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What not to miss at London Art Week

28 June 2018

What sets London Art Week apart from other events is not just the quality of the works for sale – which range from antiquities to modern painting – but the historical breadth and scope of the exhibitions on offer. This year, 40 exhibitors – 37 dealers and three auction houses – hope to pique the interest of collectors and museum curators with their displays.

Among the major exhibitions, be sure to catch ‘Texture’ at Ariadne Galleries. This intriguing, materials-focused display features rare antiquities selected for their unusual textural qualities – including a 2nd- or 1st-century BC Greek fulcrum terminal in the form of a horse’s head – alongside paintstick drawings by Richard Serra. With a more traditional curatorial approach, but extraordinary in terms of its scale and ambition as a selling exhibition, Lowell Libson & Jonny Yarker Ltd presents ‘The Spirit and Force of Art: Drawing in Britain 1600–1750’. The result of 10 years of collecting by the two dealers, this show features almost 100 British drawings from the 17th and early 18th centuries – a frequently overlooked period, but one which here introduces artists from William Byron (the poet’s grandfather) to the students of the academy on Great Queen Street, whose life drawings predate the formation of the Royal Academy by 60 years.

Greek fulcrum terminal in the form of a horse’s head (c. 2nd–1st century BC), displayed with Stratum A (2006), Richard Serra. Ariadne Galleries

More works on paper are on display at Stephen Ongpin Fine Art, which presents ‘Oudry to Gauguin: French Drawings of the 18th and 19th Centuries’. Of the 60 drawings on show, including works by the Barbizon school and the Impressionists, don’t miss Nicolas Huet the Younger’s pen and watercolour sketch of an Indian elephant from 1810. Artur Ramon is offering a striking gouache from 1920 by Juan Gris, while Galleria del Laocoonte and Galleria W. Apolloni, newcomers to LAW from Rome, have curated an Italian art exhibition that includes the first drawing made by the little-known Futurist painter, Marisa Mori.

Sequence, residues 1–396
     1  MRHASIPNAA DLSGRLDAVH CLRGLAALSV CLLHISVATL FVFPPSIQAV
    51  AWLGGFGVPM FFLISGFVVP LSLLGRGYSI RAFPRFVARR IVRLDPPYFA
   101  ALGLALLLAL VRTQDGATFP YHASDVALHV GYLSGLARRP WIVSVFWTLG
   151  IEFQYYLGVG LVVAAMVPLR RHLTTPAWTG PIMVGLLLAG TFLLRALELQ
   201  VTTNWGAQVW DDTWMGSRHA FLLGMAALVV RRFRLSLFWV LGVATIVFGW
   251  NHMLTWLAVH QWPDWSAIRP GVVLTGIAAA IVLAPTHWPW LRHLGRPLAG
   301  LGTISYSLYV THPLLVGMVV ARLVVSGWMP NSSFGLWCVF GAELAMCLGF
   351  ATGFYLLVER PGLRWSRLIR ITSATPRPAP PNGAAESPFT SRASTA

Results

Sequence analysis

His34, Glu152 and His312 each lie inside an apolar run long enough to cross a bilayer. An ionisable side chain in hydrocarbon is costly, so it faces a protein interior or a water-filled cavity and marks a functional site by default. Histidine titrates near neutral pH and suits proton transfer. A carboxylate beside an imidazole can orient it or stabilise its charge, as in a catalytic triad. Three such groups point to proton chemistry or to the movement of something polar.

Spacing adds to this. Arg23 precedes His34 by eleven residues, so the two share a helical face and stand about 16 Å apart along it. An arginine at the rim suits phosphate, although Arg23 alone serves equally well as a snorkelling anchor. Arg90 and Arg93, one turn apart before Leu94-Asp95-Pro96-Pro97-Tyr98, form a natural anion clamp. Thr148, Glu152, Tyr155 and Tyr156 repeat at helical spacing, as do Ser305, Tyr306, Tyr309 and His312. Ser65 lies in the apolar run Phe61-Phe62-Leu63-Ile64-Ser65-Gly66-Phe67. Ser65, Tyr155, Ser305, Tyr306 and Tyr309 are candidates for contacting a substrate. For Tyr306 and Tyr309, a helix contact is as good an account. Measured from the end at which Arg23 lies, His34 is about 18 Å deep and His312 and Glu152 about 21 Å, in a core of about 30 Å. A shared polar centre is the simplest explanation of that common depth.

Portrait of a Man (Antoine de Ville), Artemisia Gentileschi

Portrait of a Man (Antoine de Ville) (1630–35), Artemisia Gentileschi. Robilant + Voena

There are some spectacular individual works on display, not least the full-length portrait of a man by Artemisia Gentileschi at Robilant + Voena. Few portraits by this extraordinary woman artist of the Renaissance are known, though she was lauded in her day as a skilled portraitist; this one is a recent, significant attribution. Another new participant from Italy – Antonacci Lapiccirella Fine Art – offers the first chance to see Canova’s Self-portrait of Giorgione in London. This piece of cunning and skilled execution notoriously fooled Canova’s contemporaries, who thought it a true Giorgione. Long believed to be lost, it has only recently been rediscovered.

Self-portrait of Giorgione, Antonio Canova

Self-portrait of Giorgione (1792), Antonio Canova. Antonacci Lapiccirella Fine Art

A number of Belgian galleries feature for the first time at this year’s event, offering between them a wide variety of Old Master works of the Northern Renaissance. The exhibition at Galerie Lowet de Wotrenge includes a newly discovered work by Frans Pourbus the Elder, father of the renowned court painter. Klaas Muller specialises in Renaissance works from Italy and Antwerp, with a particular interest in Rubens. Finally, Jan Muller, Klaas’s cousin, presents an exhibition on the theme of ‘Life and Death’, with a range of Dutch flower paintings juxtaposed with vanitas still lifes.

London Art Week takes place across various venues in Mayfair and St James’s from 29 June–6 July.

From the June 2018 issue of Apollo. Preview and subscribe here.

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